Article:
How bad is income inequality? Millennials may be the new peasants.

A new Credit Suisse report shows 27% growth since 2008 in the world’s wealth, with a disproportionately large share going to the already wealthy.

world wealth
(CREDIT SUISSE RESEARCH INSTITUTE)

Unless you're one of a fortunate handful of people, it may surprise you to learn that the world's economy has not only recovered from the global financial meltdown of 2008, but has grown 27% since then, to $280 trillion, according to a new report from Credit Suisse Research Institute. (All graphics in this article are by Credit Suisse, and all figures are presented as USD or percentages.)


In the past 12 months in alone, it's grown by 6.4%.

Most of this growth has even been in the U.S., $8.5 trillion's worth out of the last year's $16.7 trillion.

Interestingly, in terms of household income, Poland's doing the best during this period.

Here's the distribution of money across the globe as it stands now.

So if so much of the world — and the U.S. in particular — is rolling in money, why doesn't life feel any easier for most of us? After all, Credit Suisse says there are 8,740,000 million new millionaires since 2008, and the average wealth per person has hit a new mean of $56,540.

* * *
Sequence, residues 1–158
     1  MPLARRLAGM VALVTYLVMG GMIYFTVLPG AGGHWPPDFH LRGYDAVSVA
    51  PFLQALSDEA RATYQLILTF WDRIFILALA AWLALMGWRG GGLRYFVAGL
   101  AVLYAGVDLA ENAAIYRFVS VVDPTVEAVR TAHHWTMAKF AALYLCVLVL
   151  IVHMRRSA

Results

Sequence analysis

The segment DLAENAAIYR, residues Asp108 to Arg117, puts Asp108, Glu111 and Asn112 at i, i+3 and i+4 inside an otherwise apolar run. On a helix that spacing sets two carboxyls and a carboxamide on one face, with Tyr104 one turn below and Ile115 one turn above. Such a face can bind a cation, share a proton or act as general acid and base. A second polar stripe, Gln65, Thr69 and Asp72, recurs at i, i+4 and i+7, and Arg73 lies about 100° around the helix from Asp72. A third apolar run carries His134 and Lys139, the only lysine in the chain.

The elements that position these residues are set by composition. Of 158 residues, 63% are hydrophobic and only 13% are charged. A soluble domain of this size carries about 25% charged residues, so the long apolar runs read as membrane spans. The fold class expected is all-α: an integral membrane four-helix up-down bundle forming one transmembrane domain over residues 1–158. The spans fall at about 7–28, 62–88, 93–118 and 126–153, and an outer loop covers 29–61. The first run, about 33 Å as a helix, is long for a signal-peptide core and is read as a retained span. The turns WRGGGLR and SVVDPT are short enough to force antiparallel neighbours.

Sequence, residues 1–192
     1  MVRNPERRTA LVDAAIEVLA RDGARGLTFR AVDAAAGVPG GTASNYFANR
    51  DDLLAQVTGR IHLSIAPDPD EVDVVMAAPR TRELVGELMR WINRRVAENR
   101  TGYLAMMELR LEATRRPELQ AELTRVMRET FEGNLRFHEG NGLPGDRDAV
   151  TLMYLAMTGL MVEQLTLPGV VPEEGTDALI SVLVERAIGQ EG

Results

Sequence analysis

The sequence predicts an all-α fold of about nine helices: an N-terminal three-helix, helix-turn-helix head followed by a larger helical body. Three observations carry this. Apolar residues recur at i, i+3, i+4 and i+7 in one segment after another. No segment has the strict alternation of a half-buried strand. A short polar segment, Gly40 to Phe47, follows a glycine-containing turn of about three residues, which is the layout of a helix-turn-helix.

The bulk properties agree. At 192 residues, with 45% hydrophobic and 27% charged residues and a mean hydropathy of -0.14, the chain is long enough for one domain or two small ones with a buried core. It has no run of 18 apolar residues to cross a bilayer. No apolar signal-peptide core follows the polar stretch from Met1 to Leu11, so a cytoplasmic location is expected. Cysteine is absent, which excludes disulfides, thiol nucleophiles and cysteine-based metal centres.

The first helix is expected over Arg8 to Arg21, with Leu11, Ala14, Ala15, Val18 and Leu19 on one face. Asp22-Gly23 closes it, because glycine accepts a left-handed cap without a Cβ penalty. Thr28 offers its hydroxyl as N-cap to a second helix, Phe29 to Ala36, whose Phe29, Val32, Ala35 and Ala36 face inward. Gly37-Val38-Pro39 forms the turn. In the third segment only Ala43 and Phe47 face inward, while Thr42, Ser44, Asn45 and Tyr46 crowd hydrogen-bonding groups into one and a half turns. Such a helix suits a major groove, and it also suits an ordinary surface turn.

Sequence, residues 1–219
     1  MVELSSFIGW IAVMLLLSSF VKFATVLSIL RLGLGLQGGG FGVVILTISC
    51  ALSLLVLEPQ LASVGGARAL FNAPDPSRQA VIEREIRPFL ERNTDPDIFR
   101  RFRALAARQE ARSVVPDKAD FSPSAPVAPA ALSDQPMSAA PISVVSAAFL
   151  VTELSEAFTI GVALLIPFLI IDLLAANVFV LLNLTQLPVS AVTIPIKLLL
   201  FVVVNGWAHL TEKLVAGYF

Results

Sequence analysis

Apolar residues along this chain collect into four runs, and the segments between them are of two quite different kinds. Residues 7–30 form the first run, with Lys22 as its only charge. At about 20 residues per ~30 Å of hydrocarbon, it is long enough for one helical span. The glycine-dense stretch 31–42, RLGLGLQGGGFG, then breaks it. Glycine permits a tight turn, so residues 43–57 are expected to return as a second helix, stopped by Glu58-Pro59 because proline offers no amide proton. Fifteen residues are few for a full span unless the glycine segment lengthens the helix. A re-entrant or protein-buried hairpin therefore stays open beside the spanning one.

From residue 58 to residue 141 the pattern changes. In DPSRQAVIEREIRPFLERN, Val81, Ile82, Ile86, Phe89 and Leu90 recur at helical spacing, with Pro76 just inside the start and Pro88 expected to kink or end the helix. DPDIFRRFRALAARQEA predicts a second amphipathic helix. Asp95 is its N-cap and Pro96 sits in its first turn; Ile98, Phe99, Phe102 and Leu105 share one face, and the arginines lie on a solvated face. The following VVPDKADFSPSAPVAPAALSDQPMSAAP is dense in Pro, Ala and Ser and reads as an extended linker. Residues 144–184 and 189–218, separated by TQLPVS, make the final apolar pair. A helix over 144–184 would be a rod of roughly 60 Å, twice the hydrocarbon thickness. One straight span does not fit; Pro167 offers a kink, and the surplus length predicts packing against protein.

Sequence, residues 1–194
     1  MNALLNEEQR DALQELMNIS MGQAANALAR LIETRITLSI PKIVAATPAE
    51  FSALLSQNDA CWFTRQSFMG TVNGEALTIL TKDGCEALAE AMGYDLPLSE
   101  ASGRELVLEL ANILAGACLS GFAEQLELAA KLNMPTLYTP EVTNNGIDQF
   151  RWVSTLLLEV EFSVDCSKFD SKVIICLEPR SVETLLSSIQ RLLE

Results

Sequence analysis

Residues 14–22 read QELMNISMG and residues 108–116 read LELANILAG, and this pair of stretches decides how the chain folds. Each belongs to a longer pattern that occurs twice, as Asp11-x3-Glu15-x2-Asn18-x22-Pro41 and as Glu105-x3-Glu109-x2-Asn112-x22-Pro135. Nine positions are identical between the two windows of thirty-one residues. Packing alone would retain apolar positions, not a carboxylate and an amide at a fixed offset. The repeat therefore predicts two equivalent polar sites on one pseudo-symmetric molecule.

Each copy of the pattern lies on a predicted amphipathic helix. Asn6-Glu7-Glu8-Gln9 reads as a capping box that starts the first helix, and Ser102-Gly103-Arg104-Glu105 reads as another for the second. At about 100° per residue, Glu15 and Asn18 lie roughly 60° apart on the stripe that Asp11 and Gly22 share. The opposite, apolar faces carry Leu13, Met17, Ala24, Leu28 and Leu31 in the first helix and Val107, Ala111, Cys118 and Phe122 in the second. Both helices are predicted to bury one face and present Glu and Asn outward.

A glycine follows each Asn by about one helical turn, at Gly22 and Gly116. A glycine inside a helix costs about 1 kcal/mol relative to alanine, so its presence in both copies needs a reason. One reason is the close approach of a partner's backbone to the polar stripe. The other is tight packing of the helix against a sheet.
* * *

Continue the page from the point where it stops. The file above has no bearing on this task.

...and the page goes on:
The trick is in that word “mean." That average figure includes everyone, including the wealthiest people. And there's the troubling disconnect. It's a big one, and it's gotten worse since 2008. Right now just 1% of the world's population — the aforementioned rich — own just over half, 50.1%, of all of the world's wealth. That's up from 45.5% in 2001.

From 2000 to 2007, the wealth of the better-off half of the world grew by 7%, while everyone else's worth grew by 12%. But the crisis upset that balance, reducing the world's overall wealth by 12.6% and setting us down a path to ever-growing financial inequality during the recovery.

The report devotes an entire section to the disadvantages faced by those it calls the “unlucky millennials," especially those in North America. Entering the job market during the high-unemployment aftermath of 2008, this group, particularly in their 30s, is struggling with often back-breaking student debt.

The Credit Suisse report summarizes, “Millennials are doing less well than their parents at the same age, especially in relation to income, home ownership and other dimensions of well- being assessed in this report. While Millennials are more educated than preceding generations…we expect only a minority of high achievers and those in high- effectively overcome the 'millennial disadvantage.'"